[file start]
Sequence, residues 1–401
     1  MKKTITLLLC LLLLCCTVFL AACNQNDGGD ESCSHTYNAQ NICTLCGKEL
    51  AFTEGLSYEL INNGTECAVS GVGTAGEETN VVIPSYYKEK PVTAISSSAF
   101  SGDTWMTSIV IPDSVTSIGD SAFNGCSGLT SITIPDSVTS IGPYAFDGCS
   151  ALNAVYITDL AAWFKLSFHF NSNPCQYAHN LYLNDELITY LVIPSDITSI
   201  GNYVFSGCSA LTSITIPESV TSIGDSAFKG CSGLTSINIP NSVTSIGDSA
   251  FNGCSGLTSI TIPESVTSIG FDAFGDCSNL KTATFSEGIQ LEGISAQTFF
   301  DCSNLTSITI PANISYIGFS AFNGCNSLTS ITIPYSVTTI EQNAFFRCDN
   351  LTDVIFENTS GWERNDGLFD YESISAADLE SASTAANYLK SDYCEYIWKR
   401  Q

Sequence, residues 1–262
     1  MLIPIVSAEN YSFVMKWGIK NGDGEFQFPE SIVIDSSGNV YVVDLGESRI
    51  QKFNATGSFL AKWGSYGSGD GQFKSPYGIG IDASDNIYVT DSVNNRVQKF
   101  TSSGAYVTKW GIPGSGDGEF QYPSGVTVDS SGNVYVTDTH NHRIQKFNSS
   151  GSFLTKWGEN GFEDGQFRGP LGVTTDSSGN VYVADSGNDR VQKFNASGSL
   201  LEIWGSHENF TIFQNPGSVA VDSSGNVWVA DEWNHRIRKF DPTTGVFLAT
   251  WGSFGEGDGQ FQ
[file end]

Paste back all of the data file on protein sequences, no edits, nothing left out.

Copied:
Sequence, residues 1–401
     1  MKKTITLLLC LLLLCCTVFL AACNQNDGGD ESCSHTYNAQ NICTLCGKEL
    51  AFTEGLSYEL INNGTECAVS GVGTAGEETN VVIPSYYKEK PVTAISSSAF
   101  SGDTWMTSIV IPDSVTSIGD SAFNGCSGLT SITIPDSVTS IGPYAFDGCS
   151  ALNAVYITDL AAWFKLSFHF NSNPCQYAHN LYLNDELITY LVIPSDITSI
   201  GNYVFSGCSA LTSITIPESV TSIGDSAFKG CSGLTSINIP NSVTSIGDSA
   251  FNGCSGLTSI TIPESVTSIG FDAFGDCSNL KTATFSEGIQ LEGISAQTFF
   301  DCSNLTSITI PANISYIGFS AFNGCNSLTS ITIPYSVTTI EQNAFFRCDN
   351  LTDVIFENTS GWERNDGLFD YESISAADLE SASTAANYLK SDYCEYIWKR
   401  Q

Sequence, residues 1–262
     1  MLIPIVSAEN YSFVMKWGIK NGDGEFQFPE SIVIDSSGNV YVVDLGESRI
    51  QKFNATGSFL AKWGSYGSGD GQFKSPYGIG IDASDNIYVT DSVNNRVQKF
   101  TSSGAYVTKW GIPGSGDGEF QYPSGVTVDS SGNVYVTDTH NHRIQKFNSS
   151  GSFLTKWGEN GFEDGQFRGP LGVTTDSSGN VYVADSGNDR VQKFNASGSL
   201  LEIWGSHENF TIFQNPGSVA VDSSGNVWVA DEWNHRIRKF DPTTGVFLAT
   251  WGSFGEGDGQ FQ